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2 Samuel / Antony F. Campbell.

By: Material type: TextTextSeries: Forms of the Old Testament literature ; v. 8.Publisher: Grand Rapids, Mich. : W.B. Eerdmans Pub. Co., ©2005Description: 1 online resource (xiv, 242 pages)Content type:
  • text
Media type:
  • computer
Carrier type:
  • online resource
ISBN:
  • 9781467424752
  • 1467424757
Other title:
  • Second Samuel
Subject(s): DDC classification:
  • 222/.4407 23/eng/20230605
LOC classification:
  • BS1325.53 .C37 2005eb
Other classification:
  • 11.41
  • BC 6665
Online resources:
Contents:
David's kingship over Judah (2 Sam 1:1-2:7) -- Civil war (2 Sam 2:8-4:12) -- The establishment of David as king of all Israel (2 Sam 5-8) -- Anticipatory appendices (2 Sam 9-10) -- The stories of David's middle years : structure (2 Sam 11-20) -- David and Bathsheba (2 Sam 11-12) -- Amnon, Tamar, Absalom (2 Sam 13-14) -- David's retreat and return (2 Sam 15-19) -- Sheba's rebellion (2 Sam 20) -- The stories of David's middle years : genre, setting, meaning (2 Sam 11-20) -- The special collection (2 Sam 21-24) -- Diachronic dimension : from past texts to present text.
Review: 2 Samuel, by Antony F. Campbell, S.J., is Volume VIII of The Forms of the Old Testament Literature, a series that aims to present a form-critical analysis of every book in the Hebrew Bible. Fundamentally exegetical, the FOTL volumes examine the structure, genre, setting, and intention of each textual unit in question. They also study the history behind the form-critical discussion of the material, attempt to bring consistency to the terminology for the genres and formulas of the biblical literature, and expose the exegetical process so as to enable students and pastors to engage in their own analysis and interpretation of the Old Testament texts. Beginning where he left off in his volume on 1 Samuel, Campbell unpacks the wealth of insight inherent in 2 Samuel by paying close attention to the literary structure of the book. Following a comprehensive introduction, the commentary carefully analyzes the major sections of 2 Samuel and each passage within them. In the process, Campbell reveals the diversity of views that existed in Israel's traditions, and he highlights the primacy of theology over history in Israel's thinking.
List(s) this item appears in: Added to Electronic Resources, Dec 2023 to Jan 2024 (sorted by Title)
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Knox Hewitson Library, Presbyterian Research Centre Electronic resources Available Electronic book

Includes bibliographical references.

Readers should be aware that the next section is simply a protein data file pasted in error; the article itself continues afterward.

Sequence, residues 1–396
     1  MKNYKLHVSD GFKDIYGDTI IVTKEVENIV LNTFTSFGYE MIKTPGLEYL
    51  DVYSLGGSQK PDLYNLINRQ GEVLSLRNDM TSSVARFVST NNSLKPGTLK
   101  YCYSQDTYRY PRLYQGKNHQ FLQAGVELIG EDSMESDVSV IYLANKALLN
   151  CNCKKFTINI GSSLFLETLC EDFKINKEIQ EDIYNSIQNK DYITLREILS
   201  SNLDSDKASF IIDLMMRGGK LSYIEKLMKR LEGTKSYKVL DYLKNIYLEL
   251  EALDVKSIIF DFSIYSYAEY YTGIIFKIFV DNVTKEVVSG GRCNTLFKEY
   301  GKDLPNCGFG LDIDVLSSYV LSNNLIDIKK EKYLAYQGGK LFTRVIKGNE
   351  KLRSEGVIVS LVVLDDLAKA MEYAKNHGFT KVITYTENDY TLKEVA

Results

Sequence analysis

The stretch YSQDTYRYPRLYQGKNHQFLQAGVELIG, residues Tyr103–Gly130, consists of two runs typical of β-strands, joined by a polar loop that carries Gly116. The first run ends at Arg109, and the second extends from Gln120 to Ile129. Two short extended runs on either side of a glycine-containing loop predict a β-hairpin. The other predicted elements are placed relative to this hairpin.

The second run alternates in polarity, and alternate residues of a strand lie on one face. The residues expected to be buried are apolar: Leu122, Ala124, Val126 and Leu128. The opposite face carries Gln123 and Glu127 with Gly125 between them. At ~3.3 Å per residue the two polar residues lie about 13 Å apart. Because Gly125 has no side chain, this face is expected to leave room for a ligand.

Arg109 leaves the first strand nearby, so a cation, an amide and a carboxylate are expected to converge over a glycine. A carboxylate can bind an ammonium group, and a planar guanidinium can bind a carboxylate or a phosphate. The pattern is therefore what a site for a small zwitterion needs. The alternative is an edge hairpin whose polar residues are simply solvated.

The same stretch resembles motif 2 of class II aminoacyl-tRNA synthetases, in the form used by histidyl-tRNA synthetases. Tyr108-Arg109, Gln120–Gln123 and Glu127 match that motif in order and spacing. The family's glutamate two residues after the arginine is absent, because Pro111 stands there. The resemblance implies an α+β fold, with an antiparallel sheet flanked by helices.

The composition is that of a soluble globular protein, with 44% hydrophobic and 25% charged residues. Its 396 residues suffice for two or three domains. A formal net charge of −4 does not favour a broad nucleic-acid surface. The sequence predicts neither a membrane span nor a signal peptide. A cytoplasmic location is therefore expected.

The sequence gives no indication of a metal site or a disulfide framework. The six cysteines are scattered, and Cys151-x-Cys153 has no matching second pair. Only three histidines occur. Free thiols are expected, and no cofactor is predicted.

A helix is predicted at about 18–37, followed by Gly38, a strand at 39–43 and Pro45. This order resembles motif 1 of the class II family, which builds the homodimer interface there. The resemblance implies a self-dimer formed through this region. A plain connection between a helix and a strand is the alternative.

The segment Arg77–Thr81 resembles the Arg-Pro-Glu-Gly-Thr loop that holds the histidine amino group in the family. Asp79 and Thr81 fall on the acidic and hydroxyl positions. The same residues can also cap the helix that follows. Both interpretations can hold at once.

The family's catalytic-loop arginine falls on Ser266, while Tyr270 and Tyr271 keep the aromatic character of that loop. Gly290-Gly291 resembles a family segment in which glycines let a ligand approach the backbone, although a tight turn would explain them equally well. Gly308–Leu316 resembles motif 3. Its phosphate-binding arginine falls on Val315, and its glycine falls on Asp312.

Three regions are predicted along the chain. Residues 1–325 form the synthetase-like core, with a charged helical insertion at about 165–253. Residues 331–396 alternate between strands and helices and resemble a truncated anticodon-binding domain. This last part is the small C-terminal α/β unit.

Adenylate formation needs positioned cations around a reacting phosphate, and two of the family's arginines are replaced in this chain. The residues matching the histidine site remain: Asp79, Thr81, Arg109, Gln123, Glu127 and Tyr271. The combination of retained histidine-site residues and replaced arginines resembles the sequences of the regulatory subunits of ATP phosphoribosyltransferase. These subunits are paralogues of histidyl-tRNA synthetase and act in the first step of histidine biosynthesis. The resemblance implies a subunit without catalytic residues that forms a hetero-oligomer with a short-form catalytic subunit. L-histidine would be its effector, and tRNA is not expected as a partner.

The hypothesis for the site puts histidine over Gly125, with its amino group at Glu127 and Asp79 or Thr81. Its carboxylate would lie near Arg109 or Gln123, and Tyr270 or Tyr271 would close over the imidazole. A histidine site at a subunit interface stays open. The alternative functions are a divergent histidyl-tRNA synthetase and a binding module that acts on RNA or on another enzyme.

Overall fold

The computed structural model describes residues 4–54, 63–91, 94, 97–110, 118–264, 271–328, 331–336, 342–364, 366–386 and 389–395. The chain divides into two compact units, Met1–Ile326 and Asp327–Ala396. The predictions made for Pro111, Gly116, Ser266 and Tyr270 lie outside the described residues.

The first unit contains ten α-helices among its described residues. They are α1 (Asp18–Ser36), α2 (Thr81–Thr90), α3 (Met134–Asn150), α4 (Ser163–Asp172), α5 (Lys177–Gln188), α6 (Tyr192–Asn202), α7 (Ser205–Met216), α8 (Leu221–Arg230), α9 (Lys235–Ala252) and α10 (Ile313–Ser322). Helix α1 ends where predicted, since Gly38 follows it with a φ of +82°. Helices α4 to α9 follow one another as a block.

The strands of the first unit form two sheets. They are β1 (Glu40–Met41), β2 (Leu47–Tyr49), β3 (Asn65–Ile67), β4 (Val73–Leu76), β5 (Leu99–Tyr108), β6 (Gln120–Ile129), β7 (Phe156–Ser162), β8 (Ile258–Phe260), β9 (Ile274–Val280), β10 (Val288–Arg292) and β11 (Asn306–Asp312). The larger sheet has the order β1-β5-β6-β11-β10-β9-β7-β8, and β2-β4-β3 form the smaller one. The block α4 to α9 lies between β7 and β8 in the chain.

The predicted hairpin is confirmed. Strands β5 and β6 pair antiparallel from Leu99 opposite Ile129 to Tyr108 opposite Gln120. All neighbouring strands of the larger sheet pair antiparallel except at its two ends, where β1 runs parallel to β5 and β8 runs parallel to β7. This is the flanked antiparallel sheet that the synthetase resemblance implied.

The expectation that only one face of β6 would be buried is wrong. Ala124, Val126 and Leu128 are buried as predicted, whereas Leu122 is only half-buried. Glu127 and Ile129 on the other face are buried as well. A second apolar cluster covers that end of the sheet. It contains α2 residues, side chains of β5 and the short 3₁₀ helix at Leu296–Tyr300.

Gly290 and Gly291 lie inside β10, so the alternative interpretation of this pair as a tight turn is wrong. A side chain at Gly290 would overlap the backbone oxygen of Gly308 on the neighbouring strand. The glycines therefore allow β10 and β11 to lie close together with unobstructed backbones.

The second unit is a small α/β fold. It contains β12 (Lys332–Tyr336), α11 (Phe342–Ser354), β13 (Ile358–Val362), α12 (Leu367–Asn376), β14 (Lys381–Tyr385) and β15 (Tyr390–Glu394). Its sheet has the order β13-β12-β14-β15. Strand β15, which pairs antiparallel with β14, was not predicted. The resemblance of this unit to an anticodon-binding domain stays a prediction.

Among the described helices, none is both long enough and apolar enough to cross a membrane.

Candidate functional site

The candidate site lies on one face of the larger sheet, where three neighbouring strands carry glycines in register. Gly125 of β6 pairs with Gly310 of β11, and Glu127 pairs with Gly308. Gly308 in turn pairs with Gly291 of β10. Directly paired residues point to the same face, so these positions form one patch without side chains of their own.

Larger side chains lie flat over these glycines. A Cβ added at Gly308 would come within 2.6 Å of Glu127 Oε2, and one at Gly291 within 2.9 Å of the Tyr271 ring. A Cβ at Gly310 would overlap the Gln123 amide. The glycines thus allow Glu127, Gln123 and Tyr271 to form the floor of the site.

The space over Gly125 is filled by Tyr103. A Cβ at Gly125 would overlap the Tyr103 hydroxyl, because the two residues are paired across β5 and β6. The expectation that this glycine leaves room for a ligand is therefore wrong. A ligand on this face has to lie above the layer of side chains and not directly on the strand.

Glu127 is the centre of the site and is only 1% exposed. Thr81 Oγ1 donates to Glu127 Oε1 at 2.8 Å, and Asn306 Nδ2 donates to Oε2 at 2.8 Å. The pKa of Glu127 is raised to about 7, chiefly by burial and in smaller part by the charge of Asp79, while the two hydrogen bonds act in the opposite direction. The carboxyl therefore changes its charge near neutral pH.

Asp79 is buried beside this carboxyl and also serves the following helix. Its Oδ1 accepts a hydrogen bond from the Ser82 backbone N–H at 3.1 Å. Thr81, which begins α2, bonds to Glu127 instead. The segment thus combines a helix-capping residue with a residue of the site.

David's kingship over Judah (2 Sam 1:1-2:7) -- Civil war (2 Sam 2:8-4:12) -- The establishment of David as king of all Israel (2 Sam 5-8) -- Anticipatory appendices (2 Sam 9-10) -- The stories of David's middle years : structure (2 Sam 11-20) -- David and Bathsheba (2 Sam 11-12) -- Amnon, Tamar, Absalom (2 Sam 13-14) -- David's retreat and return (2 Sam 15-19) -- Sheba's rebellion (2 Sam 20) -- The stories of David's middle years : genre, setting, meaning (2 Sam 11-20) -- The special collection (2 Sam 21-24) -- Diachronic dimension : from past texts to present text.

2 Samuel, by Antony F. Campbell, S.J., is Volume VIII of The Forms of the Old Testament Literature, a series that aims to present a form-critical analysis of every book in the Hebrew Bible. Fundamentally exegetical, the FOTL volumes examine the structure, genre, setting, and intention of each textual unit in question. They also study the history behind the form-critical discussion of the material, attempt to bring consistency to the terminology for the genres and formulas of the biblical literature, and expose the exegetical process so as to enable students and pastors to engage in their own analysis and interpretation of the Old Testament texts. Beginning where he left off in his volume on 1 Samuel, Campbell unpacks the wealth of insight inherent in 2 Samuel by paying close attention to the literary structure of the book. Following a comprehensive introduction, the commentary carefully analyzes the major sections of 2 Samuel and each passage within them. In the process, Campbell reveals the diversity of views that existed in Israel's traditions, and he highlights the primacy of theology over history in Israel's thinking.

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